The divine decrees produce similar effects with regard to God’s purposes. Here are the different decrees, in no certain order and stripped bare of many of the implications of purpose:

  • God’s decree to redeem the elect and to reprobate/”pass over” others
  • God’s decree to create man
  • God’s decree to allow for the fall
  • God’s decree to send Christ as the redeemer
  • God’s decree to apply salvation

Our next goal is to put these in a certain order (like with the marriage). However, this is not necessary a temporal order, since the divine decrees are before creation and hence timeless, but a logical order.

Supralapsarianism

Supralapsarianism literally means “before or above the fall” (supra=”above”; lapse=”fall”). This is the form of Calvinism that is often called “hyper-Calvinism” (“hyper being an adj not a noun) because of its radical nature. It is held by very few Calvinists, and does not represent so-called “Evangelical Calvinism.” The belief here is that the decree to elect happens before the decree to allow for the fall. So, the order of the decrees would go this way:

  1. God’s decree to redeem the elect and to reprobate/damn others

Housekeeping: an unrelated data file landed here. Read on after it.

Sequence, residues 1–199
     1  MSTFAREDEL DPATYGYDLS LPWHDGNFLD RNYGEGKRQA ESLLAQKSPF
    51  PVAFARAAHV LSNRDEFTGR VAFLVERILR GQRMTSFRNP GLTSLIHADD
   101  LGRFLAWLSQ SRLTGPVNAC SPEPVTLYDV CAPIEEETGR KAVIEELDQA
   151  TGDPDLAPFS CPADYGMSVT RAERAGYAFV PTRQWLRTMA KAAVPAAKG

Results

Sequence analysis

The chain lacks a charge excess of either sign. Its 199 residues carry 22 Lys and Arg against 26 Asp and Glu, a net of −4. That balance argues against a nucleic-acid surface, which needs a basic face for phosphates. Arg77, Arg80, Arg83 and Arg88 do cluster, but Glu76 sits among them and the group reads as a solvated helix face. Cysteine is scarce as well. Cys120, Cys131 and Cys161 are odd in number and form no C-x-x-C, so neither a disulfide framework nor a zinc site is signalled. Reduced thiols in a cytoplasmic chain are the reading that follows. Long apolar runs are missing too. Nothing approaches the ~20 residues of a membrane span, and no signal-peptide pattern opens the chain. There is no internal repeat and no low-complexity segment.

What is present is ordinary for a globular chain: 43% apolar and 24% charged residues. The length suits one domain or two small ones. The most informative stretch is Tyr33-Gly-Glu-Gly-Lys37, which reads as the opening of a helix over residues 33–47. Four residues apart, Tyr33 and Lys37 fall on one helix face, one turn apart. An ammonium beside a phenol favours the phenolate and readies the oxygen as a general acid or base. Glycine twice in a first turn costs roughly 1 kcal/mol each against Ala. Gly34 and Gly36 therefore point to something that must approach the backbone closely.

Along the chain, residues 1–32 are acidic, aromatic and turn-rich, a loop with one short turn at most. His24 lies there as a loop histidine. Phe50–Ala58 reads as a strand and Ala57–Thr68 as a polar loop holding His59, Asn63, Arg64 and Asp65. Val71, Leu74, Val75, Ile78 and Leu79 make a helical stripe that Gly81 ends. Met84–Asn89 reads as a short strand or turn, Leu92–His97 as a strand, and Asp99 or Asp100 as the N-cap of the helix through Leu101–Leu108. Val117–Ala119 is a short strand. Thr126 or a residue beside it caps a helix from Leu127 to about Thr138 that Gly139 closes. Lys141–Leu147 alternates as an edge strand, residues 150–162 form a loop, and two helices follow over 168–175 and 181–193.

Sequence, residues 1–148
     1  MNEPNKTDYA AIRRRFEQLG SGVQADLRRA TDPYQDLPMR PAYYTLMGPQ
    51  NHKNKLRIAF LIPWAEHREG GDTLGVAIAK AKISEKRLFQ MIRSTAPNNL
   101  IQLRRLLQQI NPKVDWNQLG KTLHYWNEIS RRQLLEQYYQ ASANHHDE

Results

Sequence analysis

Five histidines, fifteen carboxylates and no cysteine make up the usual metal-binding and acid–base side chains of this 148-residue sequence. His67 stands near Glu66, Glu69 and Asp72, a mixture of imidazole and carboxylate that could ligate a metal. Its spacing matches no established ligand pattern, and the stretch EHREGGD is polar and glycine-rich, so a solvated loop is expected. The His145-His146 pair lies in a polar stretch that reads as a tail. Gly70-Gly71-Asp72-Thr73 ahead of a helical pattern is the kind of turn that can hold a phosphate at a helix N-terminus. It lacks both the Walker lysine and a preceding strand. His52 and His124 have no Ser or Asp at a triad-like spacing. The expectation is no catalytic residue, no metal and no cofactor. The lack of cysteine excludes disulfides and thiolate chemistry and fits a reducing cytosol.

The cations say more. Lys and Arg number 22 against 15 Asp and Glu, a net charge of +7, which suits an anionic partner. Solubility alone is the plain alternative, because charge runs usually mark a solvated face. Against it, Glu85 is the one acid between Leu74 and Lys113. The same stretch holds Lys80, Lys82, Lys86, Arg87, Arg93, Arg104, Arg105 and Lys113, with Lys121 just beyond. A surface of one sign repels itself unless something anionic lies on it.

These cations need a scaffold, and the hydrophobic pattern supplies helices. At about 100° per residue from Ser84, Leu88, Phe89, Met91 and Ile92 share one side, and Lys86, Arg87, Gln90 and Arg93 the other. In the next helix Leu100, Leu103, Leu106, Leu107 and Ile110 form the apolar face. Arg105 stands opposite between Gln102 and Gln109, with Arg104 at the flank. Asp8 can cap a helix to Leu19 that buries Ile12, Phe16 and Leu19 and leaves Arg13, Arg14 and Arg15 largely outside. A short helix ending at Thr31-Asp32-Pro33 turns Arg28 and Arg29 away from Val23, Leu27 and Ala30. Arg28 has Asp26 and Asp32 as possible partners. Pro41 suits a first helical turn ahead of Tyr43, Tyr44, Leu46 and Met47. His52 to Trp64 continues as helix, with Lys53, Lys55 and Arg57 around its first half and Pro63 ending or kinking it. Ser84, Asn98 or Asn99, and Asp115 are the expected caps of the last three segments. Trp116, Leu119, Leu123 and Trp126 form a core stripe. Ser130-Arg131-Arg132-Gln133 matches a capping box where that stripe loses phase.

2. God’s decree to create the elect and reprobate
  3. God’s decree to bring about the fall as a means of reprobation
  4. God’s decree to send Christ as the redeemer only for the elect
  5. God’s decree to apply salvation to the elect

Although there are some other modification that can be made, this is good for now. Notice the radical nature of this system. Like the decision to have children that proceeded the decision to get married, here the decision to elect and reprobate comes before the decision to create the individual, meaning that the reprobate were created for the very purpose of damnation. Creation is the means to an end of reprobation. In the supralapsarian scheme, God becomes the very author of damnation for its own sake. Supralapsarians have trouble separating God from evil as God seems to be the very creator of evil. A defense would be made of this position by referring to Romans 9:22 and the potters right to prepare people for destruction. In the end, according to supralapsarians, God is glorified in his decree both to elect and to reprobate.